1. Cheating: Using or attempting to use crib sheets, electronic sources, stolen exams, unauthorized study aids in an academic assignment, or copying or colluding with a fellow student in an effort to improve one's grade.
  2. Fabrication: Falsifying, inventing, or misstating any data, information, or citation in an academic assignment, field experience, academic credentials, job application or placement file.
  3. Plagiarism: Using the works (i.e. words, images, other materials) of another person as one's own words without proper citation in any academic assignment. This includes submission (in whole or in part) of any work purchased or downloaded from a Web site or an Internet paper clearinghouse.
  4. Facilitating Academic Dishonesty: Assisting or attempting to assist any person to commit any act of academic misconduct, such as allowing someone to copy a paper or test answers.

While I strongly encourage you to discuss your work with each other in and out of class, and while you may research issues together, your writing should be your own. The papers you submit must be your work alone, and must include citations to all references in your work. Please include the URL, or Web address, for articles and resources found on the Internet.


It is paramount that we respect each other online in our email listserv. Follow this simple rule: disagree with the idea, but not the person. In other words, it's OK to say "That's a bad idea, because …", and it's not OK to say "You're a bad/stupid/inconsiderate person, because …". If you have an issue with a classmate's behavior online, please bring it to me privately by emailing me at scott at granneman dot com. If you'd like to find out more, please feel free to read The Core Rules of Netiquette, by Virginia Shea.



Topic: Introduction: Internet architecture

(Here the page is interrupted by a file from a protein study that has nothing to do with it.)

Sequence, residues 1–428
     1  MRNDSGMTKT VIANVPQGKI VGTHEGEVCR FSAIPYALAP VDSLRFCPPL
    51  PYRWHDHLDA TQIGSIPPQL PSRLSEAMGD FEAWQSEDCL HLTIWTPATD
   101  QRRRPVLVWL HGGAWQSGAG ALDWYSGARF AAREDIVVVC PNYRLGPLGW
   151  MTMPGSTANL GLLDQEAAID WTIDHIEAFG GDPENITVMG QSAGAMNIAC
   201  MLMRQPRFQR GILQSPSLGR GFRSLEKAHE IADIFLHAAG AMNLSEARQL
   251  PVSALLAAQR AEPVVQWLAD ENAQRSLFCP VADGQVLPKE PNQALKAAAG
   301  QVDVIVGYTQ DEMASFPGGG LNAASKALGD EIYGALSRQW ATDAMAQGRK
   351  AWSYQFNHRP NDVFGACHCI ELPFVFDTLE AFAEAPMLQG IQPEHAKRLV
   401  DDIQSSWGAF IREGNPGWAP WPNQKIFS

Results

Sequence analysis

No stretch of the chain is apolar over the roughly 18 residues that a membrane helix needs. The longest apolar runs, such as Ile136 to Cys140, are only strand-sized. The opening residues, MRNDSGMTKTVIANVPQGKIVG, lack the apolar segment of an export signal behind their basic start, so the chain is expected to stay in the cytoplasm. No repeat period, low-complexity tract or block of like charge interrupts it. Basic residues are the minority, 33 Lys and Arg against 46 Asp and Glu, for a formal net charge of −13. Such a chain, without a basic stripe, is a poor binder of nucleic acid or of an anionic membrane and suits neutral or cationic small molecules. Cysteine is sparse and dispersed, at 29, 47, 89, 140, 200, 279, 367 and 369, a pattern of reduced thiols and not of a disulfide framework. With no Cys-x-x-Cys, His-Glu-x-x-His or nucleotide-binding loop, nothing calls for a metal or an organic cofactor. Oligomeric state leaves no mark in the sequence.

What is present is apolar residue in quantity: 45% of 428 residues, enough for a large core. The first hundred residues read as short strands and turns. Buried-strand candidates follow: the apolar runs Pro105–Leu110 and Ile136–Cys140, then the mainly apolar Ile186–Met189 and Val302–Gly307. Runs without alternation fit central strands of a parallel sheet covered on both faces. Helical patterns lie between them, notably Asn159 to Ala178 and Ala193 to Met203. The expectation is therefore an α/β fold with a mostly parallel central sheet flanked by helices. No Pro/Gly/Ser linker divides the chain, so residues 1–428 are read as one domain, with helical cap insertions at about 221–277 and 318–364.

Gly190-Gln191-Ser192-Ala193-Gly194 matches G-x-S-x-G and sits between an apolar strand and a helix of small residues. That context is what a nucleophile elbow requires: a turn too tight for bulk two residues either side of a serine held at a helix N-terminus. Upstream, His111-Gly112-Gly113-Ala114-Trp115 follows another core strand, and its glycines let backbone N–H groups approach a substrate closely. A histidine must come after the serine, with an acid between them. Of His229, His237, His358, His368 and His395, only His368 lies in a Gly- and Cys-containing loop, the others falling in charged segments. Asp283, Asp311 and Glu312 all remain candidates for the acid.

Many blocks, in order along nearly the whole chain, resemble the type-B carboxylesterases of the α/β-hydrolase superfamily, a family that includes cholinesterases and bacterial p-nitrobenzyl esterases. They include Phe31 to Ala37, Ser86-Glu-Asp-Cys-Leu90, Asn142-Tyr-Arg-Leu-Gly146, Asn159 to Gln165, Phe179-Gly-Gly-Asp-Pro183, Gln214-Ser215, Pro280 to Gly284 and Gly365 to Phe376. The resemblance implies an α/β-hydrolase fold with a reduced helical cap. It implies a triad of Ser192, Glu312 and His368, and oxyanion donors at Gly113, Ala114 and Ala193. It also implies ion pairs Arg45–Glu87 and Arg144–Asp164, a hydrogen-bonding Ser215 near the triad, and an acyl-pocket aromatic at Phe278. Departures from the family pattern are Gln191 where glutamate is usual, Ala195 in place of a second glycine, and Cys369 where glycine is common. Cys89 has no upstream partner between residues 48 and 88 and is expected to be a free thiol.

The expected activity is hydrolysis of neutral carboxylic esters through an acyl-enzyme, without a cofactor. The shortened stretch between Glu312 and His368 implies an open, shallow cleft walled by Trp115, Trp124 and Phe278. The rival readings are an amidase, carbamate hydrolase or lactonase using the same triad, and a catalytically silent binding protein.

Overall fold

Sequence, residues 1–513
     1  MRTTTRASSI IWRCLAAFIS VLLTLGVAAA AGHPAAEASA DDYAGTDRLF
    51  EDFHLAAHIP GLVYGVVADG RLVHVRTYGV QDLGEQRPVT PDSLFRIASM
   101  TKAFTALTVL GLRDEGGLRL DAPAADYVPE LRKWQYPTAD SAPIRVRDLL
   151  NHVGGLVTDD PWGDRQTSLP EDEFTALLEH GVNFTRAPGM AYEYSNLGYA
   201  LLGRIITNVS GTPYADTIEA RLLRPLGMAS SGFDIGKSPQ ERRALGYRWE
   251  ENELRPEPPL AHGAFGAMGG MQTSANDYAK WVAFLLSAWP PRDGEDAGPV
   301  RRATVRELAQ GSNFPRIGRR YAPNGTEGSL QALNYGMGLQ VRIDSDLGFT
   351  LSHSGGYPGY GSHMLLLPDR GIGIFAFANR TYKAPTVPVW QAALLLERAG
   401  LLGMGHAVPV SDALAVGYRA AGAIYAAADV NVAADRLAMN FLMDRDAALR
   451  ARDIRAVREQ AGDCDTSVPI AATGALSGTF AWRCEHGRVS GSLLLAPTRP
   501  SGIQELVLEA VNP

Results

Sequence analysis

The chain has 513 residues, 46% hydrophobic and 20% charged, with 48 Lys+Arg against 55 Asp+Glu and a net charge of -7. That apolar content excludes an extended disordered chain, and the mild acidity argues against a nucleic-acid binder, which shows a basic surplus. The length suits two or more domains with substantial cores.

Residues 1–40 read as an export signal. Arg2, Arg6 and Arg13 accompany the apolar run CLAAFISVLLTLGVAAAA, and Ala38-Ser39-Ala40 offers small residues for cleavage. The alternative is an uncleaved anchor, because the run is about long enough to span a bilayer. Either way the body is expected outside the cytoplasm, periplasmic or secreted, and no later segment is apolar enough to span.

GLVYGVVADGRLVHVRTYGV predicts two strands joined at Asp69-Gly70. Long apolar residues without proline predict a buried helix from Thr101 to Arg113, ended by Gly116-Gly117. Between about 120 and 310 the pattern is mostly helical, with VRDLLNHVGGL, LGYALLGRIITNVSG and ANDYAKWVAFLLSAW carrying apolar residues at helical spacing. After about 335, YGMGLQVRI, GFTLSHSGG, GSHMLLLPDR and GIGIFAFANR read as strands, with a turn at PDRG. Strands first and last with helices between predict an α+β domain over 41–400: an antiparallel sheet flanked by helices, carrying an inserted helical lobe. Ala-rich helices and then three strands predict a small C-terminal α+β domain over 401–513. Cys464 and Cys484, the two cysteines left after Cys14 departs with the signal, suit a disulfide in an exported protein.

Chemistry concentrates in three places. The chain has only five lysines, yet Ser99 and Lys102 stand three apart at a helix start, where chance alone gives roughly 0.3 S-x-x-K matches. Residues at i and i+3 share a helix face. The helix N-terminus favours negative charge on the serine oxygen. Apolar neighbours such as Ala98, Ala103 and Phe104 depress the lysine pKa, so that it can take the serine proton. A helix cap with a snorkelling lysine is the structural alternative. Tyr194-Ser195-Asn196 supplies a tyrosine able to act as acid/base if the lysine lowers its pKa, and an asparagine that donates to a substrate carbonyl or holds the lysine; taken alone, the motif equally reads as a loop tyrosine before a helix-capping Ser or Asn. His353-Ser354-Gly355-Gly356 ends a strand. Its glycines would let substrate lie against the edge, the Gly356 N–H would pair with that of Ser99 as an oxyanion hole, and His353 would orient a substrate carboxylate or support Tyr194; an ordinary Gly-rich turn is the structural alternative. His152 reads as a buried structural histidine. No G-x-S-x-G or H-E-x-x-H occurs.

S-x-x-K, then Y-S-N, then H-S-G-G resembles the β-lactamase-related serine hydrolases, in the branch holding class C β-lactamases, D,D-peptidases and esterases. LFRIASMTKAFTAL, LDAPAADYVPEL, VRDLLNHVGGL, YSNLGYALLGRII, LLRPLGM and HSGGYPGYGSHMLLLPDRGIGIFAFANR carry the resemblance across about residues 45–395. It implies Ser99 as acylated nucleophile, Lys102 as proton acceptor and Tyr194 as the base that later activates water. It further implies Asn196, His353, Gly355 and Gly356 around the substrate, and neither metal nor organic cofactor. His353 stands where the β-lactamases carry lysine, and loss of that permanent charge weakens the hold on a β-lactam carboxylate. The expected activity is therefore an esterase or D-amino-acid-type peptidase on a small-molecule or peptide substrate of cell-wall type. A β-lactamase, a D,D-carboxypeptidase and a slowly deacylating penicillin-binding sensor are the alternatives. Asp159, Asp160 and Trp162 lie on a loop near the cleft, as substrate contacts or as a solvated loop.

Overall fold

Date: Tuesday, 14 June 2005

Readings for this class:


Topic: What is social software?
Date: Thursday, 16 June 2005

Readings for this class:


Topic: Important technological trends affecting social software
Date: Tuesday, 21 June 2005

Readings for this class:


Topic: Advice & discussion web sites
Date: Wednesday, 23 June 2005

Readings for this class:


Topic: Using advice & discussion web sites
Date: Wednesday, 28 June 2005

Readings for this class:


Topic: Social networking services
Date: Wednesday, 30 June 2005

Readings for this class:


Topic: Using social networking services
Date: Wednesday, 5 July 2005

Readings for this class:


Topic: Blogs
Date: Wednesday, 7 July 2005

Readings for this class:


Topic: Reading & writing blogs
Date: Wednesday, 12 July 2005

Readings for this class:


Topic: Wikis
Date: Wednesday, 14 July 2005

Readings for this class:


Topic: Using wikis
Date: Wednesday, 19 July 2005

Readings for this class:


Topic: Games & virtual worlds
Date: Wednesday, 21 July 2005

Readings for this class:


Topic: Using games & virtual worlds
Date: Wednesday, 26 July 2005

Readings for this class:


Topic: Personal data sharing
Date: Wednesday, 28 July 2005

Readings for this class:


Topic: Using personal data sharing services
Date: Wednesday, 2 August 2005

Readings for this class:


Topic: Conclusions
Date: Wednesday, 4 August 2005

Readings for this class: